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Hi I use imread function in matlab to read an image. But now if i want to use this image in a mex file what should I do? I used im2double function to the image and then passed it to the mex file but the results i get are not acceptable.

so is there any other function which can be used

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What results are unnaceptable? What is the MEX file expected to do with the image? – André Caron Jun 2 '11 at 13:52
What is the format of the image data? 8 bit grayscale, RGB ? – trondd Jul 5 '11 at 9:40

Convert to double and divided by 255. In Mex file Matlab double array is used to represent the image

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I am trying to implement image segmentation. The thing is if I convert the image into double, by first doing rgb2gray function and then im2double function to the image and then pass to the mex file the segmentation isnt proper. If I write the mex code in matlab equivalent (its quite slow) but it gives correct result. – Madhu Jun 4 '11 at 5:06
@Madhu, You should provide a more constructive OP, the answer Daniel gave is very adequate for the small amount of information provided in the OP. Please add a minimal working example, including actual code which runs into a certain problem. We all know that you probably have a data interpretation / segmentation problem, but can not pinpoint the exact reason if you only provide some textual explanation of what you are doing. – Herbert May 13 '14 at 15:36

Matlab has different data types, for example uint8, in32 and, most commonly, double. You can see those in the workspace or by using the whos command.

Matlab workspace

These data types are quite similar to the ones in C(++). So for example, we could write this piece of c++/mex code printint.cpp:

#include <matrix.h>
#include <mex.h>

void mexFunction(int nargout, mxArray *argout[], int nargin, const mxArray *argin[]) {
    int nCols = mxGetDimensions(argin[0])[1];
    int nRows = mxGetDimensions(argin[0])[0];

    int *data = (int *)mxGetData(argin[0]);

    for(int row=0; row<nRows; ++row) {
        for(int col=0; col<nCols-1; ++col) {
            mexPrintf("%3d, ", data[nRows*col + row]);
        mexPrintf("%3d\n", data[nRows*(nCols-1) + row]);

This code simply prints all the numbers in a matrix, but it assumes that the elements in the matrix are integers. That is, the mxGetData returns a void pointer, which may point to any kind of data, also doubles. I cast the void pointer to an integer pointer, which is tricky but allowed in C(++).

This does however allow me to run printint on doubles, or any kind of matrix for that matter:

>> doubles=randi(10,[2,5])
doubles =
        8     3     1     7    10
        1     1     9     4     1
>> whos('doubles')
    Name         Size            Bytes  Class     Attributes
    doubles      2x5                80  double              
>> printint(doubles)
    0,   0,   0,   0,   0
1075838976, 1072693248, 1074266112, 1072693248, 1072693248

One can see that the output is garbage, I have interpreted doubles as if they were integers. This may also cause segmentation faults, namely if the actual sizeof of the data one inputs is smaller than the sizeof of an int; like uint8. If one inputs integers, the method does work:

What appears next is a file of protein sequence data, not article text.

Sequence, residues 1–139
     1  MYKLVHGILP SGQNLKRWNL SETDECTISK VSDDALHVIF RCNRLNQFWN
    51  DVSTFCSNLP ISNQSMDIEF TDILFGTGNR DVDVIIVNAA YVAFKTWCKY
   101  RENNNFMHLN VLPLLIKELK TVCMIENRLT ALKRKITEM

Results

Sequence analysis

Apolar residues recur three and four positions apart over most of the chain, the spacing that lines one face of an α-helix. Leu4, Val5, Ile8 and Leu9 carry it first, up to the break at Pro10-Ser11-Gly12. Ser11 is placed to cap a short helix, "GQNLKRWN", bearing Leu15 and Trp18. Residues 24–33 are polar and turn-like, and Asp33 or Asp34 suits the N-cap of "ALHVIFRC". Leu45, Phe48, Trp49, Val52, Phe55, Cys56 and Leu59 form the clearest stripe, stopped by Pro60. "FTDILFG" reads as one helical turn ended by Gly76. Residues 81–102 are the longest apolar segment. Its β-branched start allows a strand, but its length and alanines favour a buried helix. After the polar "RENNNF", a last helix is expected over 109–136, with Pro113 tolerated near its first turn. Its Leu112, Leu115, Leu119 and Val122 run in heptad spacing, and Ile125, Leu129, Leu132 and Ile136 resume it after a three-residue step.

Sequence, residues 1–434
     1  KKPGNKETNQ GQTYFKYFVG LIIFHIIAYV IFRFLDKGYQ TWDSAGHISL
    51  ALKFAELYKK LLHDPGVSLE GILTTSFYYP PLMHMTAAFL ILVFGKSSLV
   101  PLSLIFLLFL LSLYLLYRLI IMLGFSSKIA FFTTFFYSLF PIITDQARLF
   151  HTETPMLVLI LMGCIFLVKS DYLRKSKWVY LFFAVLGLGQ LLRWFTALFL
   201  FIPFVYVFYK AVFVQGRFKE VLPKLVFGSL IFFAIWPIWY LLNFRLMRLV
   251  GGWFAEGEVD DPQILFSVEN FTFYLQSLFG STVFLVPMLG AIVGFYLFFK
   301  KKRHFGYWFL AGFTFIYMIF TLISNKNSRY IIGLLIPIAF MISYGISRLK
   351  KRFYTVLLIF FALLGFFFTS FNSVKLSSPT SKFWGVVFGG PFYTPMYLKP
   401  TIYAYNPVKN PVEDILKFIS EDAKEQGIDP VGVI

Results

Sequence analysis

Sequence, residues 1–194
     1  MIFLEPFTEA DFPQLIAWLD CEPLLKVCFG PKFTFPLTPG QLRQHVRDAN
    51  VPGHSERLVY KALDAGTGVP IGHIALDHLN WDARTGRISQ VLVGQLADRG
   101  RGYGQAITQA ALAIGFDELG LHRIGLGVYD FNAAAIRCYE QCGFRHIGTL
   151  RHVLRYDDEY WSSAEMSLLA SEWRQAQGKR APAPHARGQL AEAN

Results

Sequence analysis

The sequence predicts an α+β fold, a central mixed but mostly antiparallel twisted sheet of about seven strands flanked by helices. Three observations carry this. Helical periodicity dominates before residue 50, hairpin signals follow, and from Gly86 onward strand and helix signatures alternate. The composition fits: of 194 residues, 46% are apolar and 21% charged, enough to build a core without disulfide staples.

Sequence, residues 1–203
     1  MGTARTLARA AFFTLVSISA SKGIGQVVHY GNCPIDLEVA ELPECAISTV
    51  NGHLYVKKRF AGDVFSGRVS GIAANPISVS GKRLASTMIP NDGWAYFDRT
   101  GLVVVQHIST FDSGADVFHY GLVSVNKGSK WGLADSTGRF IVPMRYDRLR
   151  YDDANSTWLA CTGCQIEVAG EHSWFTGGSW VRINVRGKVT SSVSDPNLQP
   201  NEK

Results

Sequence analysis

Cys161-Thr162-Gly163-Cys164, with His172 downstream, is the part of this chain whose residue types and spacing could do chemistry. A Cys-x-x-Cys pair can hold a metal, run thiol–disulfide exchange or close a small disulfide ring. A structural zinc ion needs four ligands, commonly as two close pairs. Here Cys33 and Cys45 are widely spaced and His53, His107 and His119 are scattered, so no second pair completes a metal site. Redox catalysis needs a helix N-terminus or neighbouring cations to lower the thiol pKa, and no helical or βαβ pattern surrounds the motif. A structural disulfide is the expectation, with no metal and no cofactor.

>> integers = int32(doubles)
integers =
                    8           3           1           7          10
                    1           1           9           4           1
>> whos('integers')
    Name          Size            Bytes  Class    Attributes
    integers      2x5                40  int32              
>> printint(integers)
    8,   3,   1,   7,  10
    1,   1,   9,   4,   1

I typically assume a certain data type to be input, since I use mex to speed up certain parts of the code and don't want to spend time on creating flexible and fool proof API's. This comes at the cost of running into unexpected behavior when the input and assumed data types do not match. Therefore, one may consider programatically testing the data type that is input, in order to handle it correctly.

Your problem: In case you use I=imread(filename), Matlab returns a rows x cols x channels 3-D matrix of type uint8, which is equal to an unsigned char in C(++). In order to work with this data, one could write a simple class to wrap the image. This is done here:

#include <matrix.h>
#include <mex.h>

class MatlabImage {
    MatlabImage(const mxArray *data) {
        this->data = (unsigned char*)mxGetData(data);
        this->rows = mxGetDimensions(data)[0];
        this->cols = mxGetDimensions(data)[1];
        this->channels = mxGetDimensions(data)[2];
    unsigned char *data;
    int rows, cols, channels;
    int get(int row, int col, int channel) {
        return this->data[row + rows*(col + cols*channel)];

void mexFunction(int nargout, mxArray *argout[], int nargin, const mxArray *argin[]) {
    MatlabImage image(argin[0]);
    int row=316; int col=253;
    mexPrintf("I(%d, %d) = (%3d, %3d, %3d)\n", row, col, image.get(row,col,0), image.get(row,col,1), image.get(row,col,2));

This can then be used in Matlab like this:

>> I = imread('workspace.png');
>> whos('I')
    Name        Size                Bytes  Class    Attributes
    I         328x344x3            338496  uint8              
>> getpixel(I)
I(316, 253) = (197, 214, 233)
>> I(317,254,:)
ans(:,:,1) =
ans(:,:,2) =
ans(:,:,3) =

One can also work with doubles in a similar way. double(I) would convert the image to doubles, and im2double(I) does the same, but then divides all values by 255, such that they lie between 0 and 1. In both case one would need to cast the result of mxGetData(...) to (double *) instead of (unsigned char *).Finally note that C(++) starts indexing from 0 and Matlab from 1, so passing indexes from one to another always requires incrementing or decrementing them somewhere.

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